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The lost ideal: Rupert Brooke, photographed by Sherrill Schell in 1913 (© Universal History Archive/Getty Images)


In 1936, a people already responsible for an indelible influence on the modern world could nevertheless prompt the Australian writer Jack Lindsay to ask, “Who are the English?” Lindsay urged the countrymen of his adopted homeland to reclaim their sense of identity by drawing strength from their “many voices”. The English have never been better portrayed or more audible than in Ferdinand Mount’s English Voices: Lives, Landscapes, Laments 1985-2015 (Simon & Schuster, £25). The elusiveness of our character has often been worn with a certain lightness of touch. Such deftness is mirrored in this collection of essays — so much so that, in some cases, one feels that the biographies reviewed here have been rendered redundant.

Mount, a former adviser to Margaret Thatcher, begins by telling us that biography and autobiography have always been a singularly English tradition. Memoirs can, however, frequently leave the reader cold. As Virginia Woolf noted, the quest for detail can so often lose sight of “what the person was like”. Frequently able to condense a long and extraordinary life into a mere four pages, Mount admirably allays Woolf’s misgivings, while still leaving readers as satisfied as if they had just turned the final page of Gibbon’s Decline and Fall.

To arrive at an authoritative definition of Englishness is a frustrating endeavour. History has long since blurred lines that were once decided by geography and genetics. A more English chap could scarcely be imagined than the professional footballer Walter Tull. An infantry officer descended from Barbadian slaves, Tull was praised for his “gallantry and coolness” during the First World War. We have no national dress and no national holiday on which to rejoice unashamedly in our Englishness, both derided by David Starkey as consolation prizes for more “feeble” countries. Though English music is instantly recognisable, it is hardly pervasive. In every shop or café in Vienna you will hear Strauss or Mozart. A Starbucks in London would be more likely to be piping out pop music than Elgar or Vaughan Williams.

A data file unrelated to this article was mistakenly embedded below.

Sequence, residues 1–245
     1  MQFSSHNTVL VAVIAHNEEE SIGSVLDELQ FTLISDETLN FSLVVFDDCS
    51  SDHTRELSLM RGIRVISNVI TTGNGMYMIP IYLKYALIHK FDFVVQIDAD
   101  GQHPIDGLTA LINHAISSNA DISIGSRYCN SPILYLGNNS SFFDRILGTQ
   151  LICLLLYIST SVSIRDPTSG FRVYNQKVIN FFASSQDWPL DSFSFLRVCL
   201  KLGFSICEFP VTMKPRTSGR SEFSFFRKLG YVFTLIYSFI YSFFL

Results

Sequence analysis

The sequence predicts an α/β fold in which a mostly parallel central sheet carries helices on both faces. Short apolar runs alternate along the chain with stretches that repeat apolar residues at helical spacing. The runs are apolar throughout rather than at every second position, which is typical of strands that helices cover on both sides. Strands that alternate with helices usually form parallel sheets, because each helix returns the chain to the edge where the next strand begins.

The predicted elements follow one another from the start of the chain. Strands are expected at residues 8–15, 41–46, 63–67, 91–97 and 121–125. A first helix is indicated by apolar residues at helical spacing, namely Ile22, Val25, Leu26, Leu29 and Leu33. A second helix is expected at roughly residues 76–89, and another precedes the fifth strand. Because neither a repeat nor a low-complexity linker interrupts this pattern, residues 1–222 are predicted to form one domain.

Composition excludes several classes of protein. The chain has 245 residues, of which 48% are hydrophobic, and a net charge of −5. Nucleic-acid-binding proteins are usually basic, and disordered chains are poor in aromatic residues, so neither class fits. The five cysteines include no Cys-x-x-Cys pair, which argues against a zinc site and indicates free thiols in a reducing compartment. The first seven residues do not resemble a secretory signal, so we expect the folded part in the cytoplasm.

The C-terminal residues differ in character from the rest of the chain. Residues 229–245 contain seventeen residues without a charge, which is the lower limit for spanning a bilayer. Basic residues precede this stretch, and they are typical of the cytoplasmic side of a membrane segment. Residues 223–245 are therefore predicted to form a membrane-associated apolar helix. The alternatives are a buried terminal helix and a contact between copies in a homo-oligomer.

Mount shows how we do share a political heritage, founded on personal liberty and freedom of speech, and a culture, both languorously formed and profound in its riches, that is never so exclusive as to be impenetrable to those born elsewhere. Immigrant writers such as Germaine Greer or V.S. Naipaul serve as a further reminder that above all else sits our language, which “shaped almost everything about us,” writes Mount, whose own career as a man of letters makes him pay heed to numerous literary lives from Keats to Kipling.

For the English, literature and politics so often go hand in hand that few of our most revered statesmen have not also been accomplished wordsmiths. In a nod to his own background, Mount devotes equal attention to some of our most notable and in some cases notorious political figures of the past 200 years. A few holy men are thrown in for good measure; a dishonourable mention goes to Sir Oswald Mosley. Slightly remiss perhaps, is the insufficient emphasis on military men. The English have always been a pugnacious breed. Of course, a good many of our politicians once saw active service. Yet Winston Churchill’s finest hour is adroitly sidestepped by Mount, who instead examines his disastrous involvement in the Gallipoli campaign. Published on April 26, 1915, Churchill’s obituary of Rupert Brooke for The Times, generally believed to have been written by his private secretary Edward Marsh, has passed into legend as one of the defining public expressions of loss wrought by “the hardest, the cruellest, and the least-rewarded of all the wars that men have fought”.

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